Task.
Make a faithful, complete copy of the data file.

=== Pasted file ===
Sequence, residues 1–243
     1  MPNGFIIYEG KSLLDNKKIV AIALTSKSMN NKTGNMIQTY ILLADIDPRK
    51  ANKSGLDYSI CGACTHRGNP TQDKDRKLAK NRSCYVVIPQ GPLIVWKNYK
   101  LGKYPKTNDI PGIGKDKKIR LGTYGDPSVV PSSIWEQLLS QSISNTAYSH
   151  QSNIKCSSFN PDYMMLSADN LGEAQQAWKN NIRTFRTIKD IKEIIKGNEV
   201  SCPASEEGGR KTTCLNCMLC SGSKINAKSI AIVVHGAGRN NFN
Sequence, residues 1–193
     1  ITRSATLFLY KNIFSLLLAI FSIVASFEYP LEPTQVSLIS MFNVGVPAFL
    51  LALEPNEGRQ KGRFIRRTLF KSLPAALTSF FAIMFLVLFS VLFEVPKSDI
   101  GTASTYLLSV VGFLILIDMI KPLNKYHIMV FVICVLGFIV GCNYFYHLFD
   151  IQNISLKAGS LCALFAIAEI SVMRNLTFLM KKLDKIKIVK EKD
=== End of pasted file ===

Sequence, residues 1–243
     1  MPNGFIIYEG KSLLDNKKIV AIALTSKSMN NKTGNMIQTY ILLADIDPRK
    51  ANKSGLDYSI CGACTHRGNP TQDKDRKLAK NRSCYVVIPQ GPLIVWKNYK
   101  LGKYPKTNDI PGIGKDKKIR LGTYGDPSVV PSSIWEQLLS QSISNTAYSH
   151  QSNIKCSSFN PDYMMLSADN LGEAQQAWKN NIRTFRTIKD IKEIIKGNEV
   201  SCPASEEGGR KTTCLNCMLC SGSKINAKSI AIVVHGAGRN NFN
Sequence, residues 1–193
     1  ITRSATLFLY KNIFSLLLAI FSIVASFEYP LEPTQVSLIS MFNVGVPAFL
    51  LALEPNEGRQ KGRFIRRTLF KSLPAALTSF FAIMFLVLFS VLFEVPKSDI
   101  GTASTYLLSV VGFLILIDMI KPLNKYHIMV FVICVLGFIV GCNYFYHLFD
   151  IQNISLKAGS LCALFAIAEI SVMRNLTFLM KKLDKIKIVK EKD